Generals Walker of the 1st Australian Division and Monash of the 3rd were both well known for the care they took of their men. They both had field kitchens set up as close to the front line trenches as possible so that the troops could get hot meals whilst on active duty and nissen huts were often provided for shelter from the elements.

German prisoners captured in a raid at Stormy Trench, near Bazentin, lined up before a British Intelligence Officer for examination.

A sick parade at Eaucourt L’Abbaye, during the advance on the Somme in the winter of 1917. ‘Trench feet’ was the chief complaint. Note the soldier with his legs enclosed in sandbags as a temporary protection against mud and damp.

Looking back from Lone Pine to the jumping off trench from which the 1st Australian Infantry Brigade commenced its successful attack on Lone Pine on 6 August 1915. Several corpses are lying in the foreground amid debris and coils of barbed wire. Looking back from Lone Pine to the jumping off trench from which the 1st Australian Infantry Brigade commenced its successful attack on Lone Pine on 6 August 1915. Several corpses are lying in the foreground amid debris and coils of barbed wire.

Looking back from Lone Pine to the jumping off trench from which the 1st Australian Infantry Brigade commenced its successful attack on Lone Pine on 6 August 1915. Several corpses are lying in the foreground amid debris and coils of barbed wire.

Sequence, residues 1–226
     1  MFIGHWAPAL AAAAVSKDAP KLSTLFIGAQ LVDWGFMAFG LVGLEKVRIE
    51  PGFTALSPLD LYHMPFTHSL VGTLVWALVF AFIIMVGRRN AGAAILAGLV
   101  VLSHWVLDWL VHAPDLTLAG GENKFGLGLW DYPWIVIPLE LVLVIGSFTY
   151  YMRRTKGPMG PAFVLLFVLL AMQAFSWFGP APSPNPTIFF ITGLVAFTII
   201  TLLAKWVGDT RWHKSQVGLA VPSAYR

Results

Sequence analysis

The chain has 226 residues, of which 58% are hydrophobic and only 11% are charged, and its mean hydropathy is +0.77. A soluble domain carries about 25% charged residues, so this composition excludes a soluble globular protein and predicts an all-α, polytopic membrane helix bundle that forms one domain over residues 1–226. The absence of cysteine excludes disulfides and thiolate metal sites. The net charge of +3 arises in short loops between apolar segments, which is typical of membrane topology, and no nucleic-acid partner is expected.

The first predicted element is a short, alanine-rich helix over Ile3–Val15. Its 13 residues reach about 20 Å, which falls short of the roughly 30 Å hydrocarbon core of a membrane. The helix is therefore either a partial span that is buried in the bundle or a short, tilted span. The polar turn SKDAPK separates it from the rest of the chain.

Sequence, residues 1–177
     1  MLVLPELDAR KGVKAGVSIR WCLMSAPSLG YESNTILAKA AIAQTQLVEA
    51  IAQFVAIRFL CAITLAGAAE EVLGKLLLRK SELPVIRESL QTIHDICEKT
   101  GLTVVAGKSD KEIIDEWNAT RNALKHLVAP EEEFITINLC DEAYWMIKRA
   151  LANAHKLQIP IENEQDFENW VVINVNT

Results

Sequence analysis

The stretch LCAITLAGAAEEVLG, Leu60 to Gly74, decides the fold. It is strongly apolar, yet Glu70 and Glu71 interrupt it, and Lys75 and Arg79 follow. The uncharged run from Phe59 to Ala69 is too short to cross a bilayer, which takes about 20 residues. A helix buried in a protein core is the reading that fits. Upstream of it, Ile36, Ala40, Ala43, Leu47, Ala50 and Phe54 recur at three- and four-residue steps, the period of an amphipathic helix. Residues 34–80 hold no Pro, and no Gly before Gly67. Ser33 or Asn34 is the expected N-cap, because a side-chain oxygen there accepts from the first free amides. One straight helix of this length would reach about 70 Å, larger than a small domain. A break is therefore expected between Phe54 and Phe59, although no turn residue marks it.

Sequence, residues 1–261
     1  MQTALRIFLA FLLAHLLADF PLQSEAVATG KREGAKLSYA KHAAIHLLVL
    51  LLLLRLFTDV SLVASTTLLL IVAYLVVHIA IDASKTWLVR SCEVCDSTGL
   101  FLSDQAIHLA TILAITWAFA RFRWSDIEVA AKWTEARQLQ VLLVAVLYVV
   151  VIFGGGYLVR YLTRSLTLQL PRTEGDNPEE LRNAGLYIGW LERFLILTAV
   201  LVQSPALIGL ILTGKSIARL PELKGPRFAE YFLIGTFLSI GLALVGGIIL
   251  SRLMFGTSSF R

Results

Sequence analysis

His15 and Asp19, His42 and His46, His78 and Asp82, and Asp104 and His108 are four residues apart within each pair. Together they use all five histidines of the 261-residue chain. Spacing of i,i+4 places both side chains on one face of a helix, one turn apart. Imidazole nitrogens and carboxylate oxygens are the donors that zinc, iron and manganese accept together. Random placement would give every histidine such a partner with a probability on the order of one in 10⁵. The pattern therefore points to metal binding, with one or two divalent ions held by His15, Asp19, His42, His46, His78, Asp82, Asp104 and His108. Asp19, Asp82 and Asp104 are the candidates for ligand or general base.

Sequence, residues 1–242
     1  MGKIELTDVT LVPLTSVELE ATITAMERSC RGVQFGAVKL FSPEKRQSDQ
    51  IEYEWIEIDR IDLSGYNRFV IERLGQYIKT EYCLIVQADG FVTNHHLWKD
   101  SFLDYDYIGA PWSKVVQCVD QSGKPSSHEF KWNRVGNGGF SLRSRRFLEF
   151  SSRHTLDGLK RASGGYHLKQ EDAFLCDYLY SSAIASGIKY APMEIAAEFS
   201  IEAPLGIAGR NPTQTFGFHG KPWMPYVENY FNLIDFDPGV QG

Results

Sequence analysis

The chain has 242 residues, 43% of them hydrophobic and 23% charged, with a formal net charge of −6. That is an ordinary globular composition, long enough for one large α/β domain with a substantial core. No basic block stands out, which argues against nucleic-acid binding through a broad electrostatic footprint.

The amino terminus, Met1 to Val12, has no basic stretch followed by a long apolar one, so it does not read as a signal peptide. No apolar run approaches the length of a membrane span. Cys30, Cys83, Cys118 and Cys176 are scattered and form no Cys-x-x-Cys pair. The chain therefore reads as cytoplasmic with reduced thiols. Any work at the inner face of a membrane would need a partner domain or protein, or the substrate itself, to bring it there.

Thesis reading over the last few weeks. I didn’t realise the volume of reading until it’s all together. Thesis reading over the last few weeks. I didn’t realise the volume of reading until it’s all together.

Thesis reading over the last few weeks. I didn’t realise the volume of reading until it’s all together.

Informal portrait of members of the 38th Battalion AIF

returning from the trenches through Houplines, a village on the outskirts of Armentieres. Leading is 1228 Corporal (Cpl) John Charles Lewis, followed by 486 Lance Corporal (LCpl) William James Leslie Newell, Sergeant (Sgt) Harold Pankhurst and 1975 Private (Pte) George Alexander Loader. Sgt Pankhurst, a bank clerk from Tongala, Vic prior to enlistment, embarked with the rank of Private with the 19th Reinforcements, 6th Battalion from Melbourne on HMAT Themistocles on 28 July 1916. On 16 October 1917, and having attained the rank of Lance Sergeant, he died aged 21, of wounds received in action and was buried in the Lijssenthoek Military Cemetery, Belgium. Pte Loader, a farm hand from Ballarat Vic prior to enlistment, embarked with the 2nd Reinforcements from Melbourne on HMAT Orontes on 16 August 1916. On 28 August 1918 he was killed in action aged 29 and was buried in the Hem Farm Military Cemetery, Hem-Monacu, France. Cpl Lewis and LCpl Newell both returned to Australia at the completion of the war.